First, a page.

The Lawyer Asia Pacific 150 is the only research report to provide a ranking of the top 100 independent local firms and top 50 global firms in the region. The report offers critical review of some of the fastest growing firms and their strategies, a country-by-country guide to leading legal advisers and legal services market trends, plus exclusive insight into the current business development opportunities in the Asia Pacific. Read more
This year, The Lawyer’s annual ranking of the largest UK law firms by turnover is available as an interactive, digital benchmarking tool. For the first time this will allow you to manipulate each data set against the metrics of your choice.
Slaughter and May’s current head of corporate Nigel Boardman’s frank paperclip-related admission last week, where he moaned that he’d had enough of his role, got Tulkinghorn thinking about how many other similarly grand types are disenchanted with their lot. Miraculously, it seems very few.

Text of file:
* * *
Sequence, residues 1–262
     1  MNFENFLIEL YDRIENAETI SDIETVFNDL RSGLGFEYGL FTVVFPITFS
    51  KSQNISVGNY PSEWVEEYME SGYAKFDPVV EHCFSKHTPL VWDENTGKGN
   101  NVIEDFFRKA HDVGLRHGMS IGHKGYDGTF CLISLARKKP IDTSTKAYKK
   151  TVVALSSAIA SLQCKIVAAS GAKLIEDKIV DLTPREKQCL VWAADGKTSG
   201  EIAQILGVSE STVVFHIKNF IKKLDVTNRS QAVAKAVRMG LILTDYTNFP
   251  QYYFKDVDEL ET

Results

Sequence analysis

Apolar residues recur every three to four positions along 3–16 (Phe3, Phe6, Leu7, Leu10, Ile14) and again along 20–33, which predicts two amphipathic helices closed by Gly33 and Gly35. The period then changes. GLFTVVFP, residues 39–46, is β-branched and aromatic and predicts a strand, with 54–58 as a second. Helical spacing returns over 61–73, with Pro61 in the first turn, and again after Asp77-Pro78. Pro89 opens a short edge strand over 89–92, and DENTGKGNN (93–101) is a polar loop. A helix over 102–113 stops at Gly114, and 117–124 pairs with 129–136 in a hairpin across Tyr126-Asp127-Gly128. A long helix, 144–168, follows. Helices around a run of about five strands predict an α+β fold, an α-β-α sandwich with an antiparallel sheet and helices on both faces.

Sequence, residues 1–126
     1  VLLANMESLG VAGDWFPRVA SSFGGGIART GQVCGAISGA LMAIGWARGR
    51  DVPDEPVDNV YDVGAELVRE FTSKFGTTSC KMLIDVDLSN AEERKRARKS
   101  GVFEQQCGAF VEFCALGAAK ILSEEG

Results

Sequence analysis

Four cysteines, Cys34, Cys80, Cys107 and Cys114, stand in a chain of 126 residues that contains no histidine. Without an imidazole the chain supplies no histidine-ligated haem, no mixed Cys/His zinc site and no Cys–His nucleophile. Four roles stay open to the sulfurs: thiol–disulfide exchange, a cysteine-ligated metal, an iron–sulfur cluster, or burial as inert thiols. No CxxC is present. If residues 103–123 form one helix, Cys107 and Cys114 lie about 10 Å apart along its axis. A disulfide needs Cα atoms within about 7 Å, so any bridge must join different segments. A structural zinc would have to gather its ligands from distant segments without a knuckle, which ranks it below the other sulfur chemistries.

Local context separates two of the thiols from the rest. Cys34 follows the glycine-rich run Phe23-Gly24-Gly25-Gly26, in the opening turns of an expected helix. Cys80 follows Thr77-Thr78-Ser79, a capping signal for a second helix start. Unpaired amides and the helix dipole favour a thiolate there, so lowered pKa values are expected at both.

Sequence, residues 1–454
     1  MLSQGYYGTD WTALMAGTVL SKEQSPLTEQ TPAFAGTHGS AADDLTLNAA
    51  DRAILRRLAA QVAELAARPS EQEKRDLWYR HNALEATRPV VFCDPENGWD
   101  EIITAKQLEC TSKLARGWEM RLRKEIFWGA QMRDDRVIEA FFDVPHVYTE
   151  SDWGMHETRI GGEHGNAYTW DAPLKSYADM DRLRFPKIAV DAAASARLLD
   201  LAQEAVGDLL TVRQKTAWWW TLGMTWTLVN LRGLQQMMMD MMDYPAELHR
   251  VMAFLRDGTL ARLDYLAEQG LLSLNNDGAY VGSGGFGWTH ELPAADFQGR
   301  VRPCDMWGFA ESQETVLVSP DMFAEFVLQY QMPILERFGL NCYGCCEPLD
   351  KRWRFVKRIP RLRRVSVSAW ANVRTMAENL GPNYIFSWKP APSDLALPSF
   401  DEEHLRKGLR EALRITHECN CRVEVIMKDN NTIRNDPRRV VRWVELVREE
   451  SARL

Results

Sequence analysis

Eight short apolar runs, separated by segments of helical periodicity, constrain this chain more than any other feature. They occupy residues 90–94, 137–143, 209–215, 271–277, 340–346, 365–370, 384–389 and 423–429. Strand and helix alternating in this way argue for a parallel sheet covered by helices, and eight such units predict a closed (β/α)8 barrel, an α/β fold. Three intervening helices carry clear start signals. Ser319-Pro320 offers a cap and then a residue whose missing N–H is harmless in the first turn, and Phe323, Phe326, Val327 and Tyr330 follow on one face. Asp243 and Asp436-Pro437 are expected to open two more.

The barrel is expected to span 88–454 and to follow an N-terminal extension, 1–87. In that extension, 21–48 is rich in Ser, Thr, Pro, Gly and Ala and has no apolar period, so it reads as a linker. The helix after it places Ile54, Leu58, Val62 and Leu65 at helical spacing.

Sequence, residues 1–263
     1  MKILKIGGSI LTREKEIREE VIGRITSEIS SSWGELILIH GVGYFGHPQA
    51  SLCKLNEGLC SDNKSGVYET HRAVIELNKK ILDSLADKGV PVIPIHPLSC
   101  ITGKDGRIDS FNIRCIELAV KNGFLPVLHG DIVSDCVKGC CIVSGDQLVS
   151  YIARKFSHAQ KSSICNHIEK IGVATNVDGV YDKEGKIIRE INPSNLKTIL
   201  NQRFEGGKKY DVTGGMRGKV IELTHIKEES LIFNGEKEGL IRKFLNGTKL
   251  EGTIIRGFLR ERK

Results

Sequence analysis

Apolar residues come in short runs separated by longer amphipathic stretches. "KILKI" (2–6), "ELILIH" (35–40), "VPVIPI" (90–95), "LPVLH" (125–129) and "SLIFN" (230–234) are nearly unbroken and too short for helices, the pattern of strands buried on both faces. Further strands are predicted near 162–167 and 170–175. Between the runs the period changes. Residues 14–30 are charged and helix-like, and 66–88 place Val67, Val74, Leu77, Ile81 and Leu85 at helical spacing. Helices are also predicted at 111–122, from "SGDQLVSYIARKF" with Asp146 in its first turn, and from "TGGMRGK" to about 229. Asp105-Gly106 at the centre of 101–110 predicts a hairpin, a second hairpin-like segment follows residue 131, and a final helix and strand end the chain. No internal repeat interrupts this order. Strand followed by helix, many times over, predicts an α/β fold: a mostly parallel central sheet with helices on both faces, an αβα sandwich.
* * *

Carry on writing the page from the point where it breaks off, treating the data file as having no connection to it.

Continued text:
Linklaters’ David Cheyne, who admitted he had endured “much ribbing” for his comment that “the thought of doing my job for eight years would fill me with deep gloom”, claimed he had never counted paperclips (Boarders had cried that “eight years of counting paperclips was enough”). “I could recognise paperclips – in fact, there’s a pile of them in front of me now – but I couldn’t tell you how many of them there are,” Cheyne claimed.
Over at Macfarlanes, though, the corporate bunch clearly take a more modern approach to stationery. Head Charles Martin claimed he only used paperclips “for inserting into the back of my Blackberry”. Asked how long he felt he might be likely to endure the rigours of the top job, he replied sportingly: “Longer than Claudio Ranieri.”
Meanwhile, Norton Rose’s Tim Marsden has clearly got a lot of time on his hands. His answer: “1,360,032.”